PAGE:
Interactive resources for incubators and accelerators
Interactive resources for incubators and accelerators
Interactive resources for incubators and accelerators

Who created The Gender Lens Incubation and Acceleration (GLIA) Toolkit?

The creation of the GLIA toolkit was a truly collaborative effort.

This toolkit is the result of a 12-month collaboration between the Sasakawa Peace Foundation’s Asia Women Impact Fund, and Frontier Incubators.

  • The Sasakawa Peace Foundation (SPF) aims to promote prosperity and foster a healthy international society, contributing to the furtherance of world peace.

  • The Asia Women Impact Fund is an initiative launched by the Sasakawa Peace Foundation in 2017 to advance women’s entrepreneurship and economic empowerment, gender lens investing and gender equality in the region.

  • Frontier Incubators is a capacity building program for incubators and accelerators with an impact focus working in Southeast Asia.

Frontier Incubators is part of the Scaling Frontier Innovation program, an initiative of the Australian Department of Foreign Affairs and Trade, which supports social enterprises to scale their development impact in the Indo-Pacific region.

The Gender Lens Incubation and Acceleration (GLIA) Toolkit was delivered by a consortia of the Sasakawa Peace Foundation, ygap, and SecondMuse.

  • ygap is an International Development not-for-profit with an innovative approach to poverty alleviation.

  • recognises the transformative power that convening, when done right, has to positively change the world.

  • SecondMuse builds economies of the future in collaboration with visionary cities, countries, nonprofits and startups.

Pilot Program

The GLIA toolkit was extensively piloted by incubator and accelerator partners to refine, validate and contextualise the guidelines, frameworks and recommendations for Southeast Asia. They share their practical experiences of using the toolkit through real-world case studies that can be found throughout the GLIA toolkit.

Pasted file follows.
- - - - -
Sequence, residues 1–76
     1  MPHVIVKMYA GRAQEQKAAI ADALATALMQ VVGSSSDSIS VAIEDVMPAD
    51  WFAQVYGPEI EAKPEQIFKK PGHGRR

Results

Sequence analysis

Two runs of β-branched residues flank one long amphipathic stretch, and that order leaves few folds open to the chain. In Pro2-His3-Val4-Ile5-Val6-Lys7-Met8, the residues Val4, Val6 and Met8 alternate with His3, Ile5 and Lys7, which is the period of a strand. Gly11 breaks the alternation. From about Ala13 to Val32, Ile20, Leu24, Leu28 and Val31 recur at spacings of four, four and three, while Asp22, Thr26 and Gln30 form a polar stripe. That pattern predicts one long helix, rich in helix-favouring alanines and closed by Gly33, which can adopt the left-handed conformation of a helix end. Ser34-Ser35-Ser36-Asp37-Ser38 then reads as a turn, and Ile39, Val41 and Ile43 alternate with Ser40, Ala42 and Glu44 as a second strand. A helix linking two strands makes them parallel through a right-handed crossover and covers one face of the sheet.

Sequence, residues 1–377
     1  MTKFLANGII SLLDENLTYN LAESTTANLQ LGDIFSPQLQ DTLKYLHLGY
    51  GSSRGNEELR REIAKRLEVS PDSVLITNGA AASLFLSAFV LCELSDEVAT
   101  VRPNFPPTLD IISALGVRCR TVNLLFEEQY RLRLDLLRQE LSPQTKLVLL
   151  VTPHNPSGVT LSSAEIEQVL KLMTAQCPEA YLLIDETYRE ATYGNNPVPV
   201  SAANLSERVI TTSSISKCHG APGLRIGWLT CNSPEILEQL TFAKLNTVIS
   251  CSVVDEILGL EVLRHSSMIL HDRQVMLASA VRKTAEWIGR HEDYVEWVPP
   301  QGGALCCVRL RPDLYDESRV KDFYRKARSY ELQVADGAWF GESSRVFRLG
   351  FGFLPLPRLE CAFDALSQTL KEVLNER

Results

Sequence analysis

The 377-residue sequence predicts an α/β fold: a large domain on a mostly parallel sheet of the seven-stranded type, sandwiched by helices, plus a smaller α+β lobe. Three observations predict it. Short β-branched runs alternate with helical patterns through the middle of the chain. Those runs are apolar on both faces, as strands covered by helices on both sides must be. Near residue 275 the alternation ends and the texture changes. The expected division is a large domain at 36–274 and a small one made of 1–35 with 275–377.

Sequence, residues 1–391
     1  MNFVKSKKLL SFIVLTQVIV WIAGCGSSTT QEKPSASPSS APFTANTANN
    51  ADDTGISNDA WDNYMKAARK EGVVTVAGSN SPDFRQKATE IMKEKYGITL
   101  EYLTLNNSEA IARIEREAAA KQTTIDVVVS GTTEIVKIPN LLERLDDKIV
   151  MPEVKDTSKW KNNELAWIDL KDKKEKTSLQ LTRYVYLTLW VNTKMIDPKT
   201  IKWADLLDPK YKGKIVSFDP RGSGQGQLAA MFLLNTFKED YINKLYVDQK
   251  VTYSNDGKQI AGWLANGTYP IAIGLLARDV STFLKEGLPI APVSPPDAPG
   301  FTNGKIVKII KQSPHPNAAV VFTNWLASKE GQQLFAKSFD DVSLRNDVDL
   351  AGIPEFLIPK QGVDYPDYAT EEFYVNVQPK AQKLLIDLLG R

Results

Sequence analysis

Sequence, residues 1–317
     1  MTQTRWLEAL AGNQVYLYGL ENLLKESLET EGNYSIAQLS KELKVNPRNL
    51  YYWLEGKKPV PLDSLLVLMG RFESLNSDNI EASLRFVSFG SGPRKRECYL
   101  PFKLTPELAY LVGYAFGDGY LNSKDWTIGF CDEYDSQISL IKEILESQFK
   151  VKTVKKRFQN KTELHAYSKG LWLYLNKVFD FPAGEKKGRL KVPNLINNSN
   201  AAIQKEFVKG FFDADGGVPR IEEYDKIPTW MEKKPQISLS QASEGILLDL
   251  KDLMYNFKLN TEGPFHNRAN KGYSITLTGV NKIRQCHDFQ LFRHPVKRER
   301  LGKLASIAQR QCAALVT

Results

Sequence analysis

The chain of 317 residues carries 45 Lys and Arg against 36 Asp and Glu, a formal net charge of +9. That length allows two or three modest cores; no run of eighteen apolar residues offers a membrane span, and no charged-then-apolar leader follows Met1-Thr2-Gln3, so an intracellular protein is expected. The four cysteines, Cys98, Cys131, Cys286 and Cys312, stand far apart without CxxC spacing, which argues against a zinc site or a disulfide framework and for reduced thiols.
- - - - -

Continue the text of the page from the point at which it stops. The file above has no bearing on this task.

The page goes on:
• xchange is an impact investor and incubator in early-stage social enterprises in the Philippines. Through their work, they aim to multiply the change that social enterprises achieve, by helping them reach sustainability and scale in the shortest possible time.

  • SHE Investments is a social enterprise that designs and delivers the first and only gender-focused and culturally tailored business incubator and accelerator programs for women in Cambodia.

  • ONOW runs an incubator for domestic migrant women in Myanmar. Their incubator is designed to quickly build basic skills in financial capabilities and digital literacy through a tech-enabled approach, and follows a cohort model for moving their entrepreneurs through ideation, market research, and business modelling.

  • Phandeeyar aims to harness technology to accelerate change in Myanmar. Our team specifically work to accelerate the growth of startups in Myanmar, and expand the pool of tech and creative talents.

  • Instellar aims to accelerate social innovation in organisations, and work together towards scalable and sustainable social impact through incubation, advisory, and investment in mission-driven companies.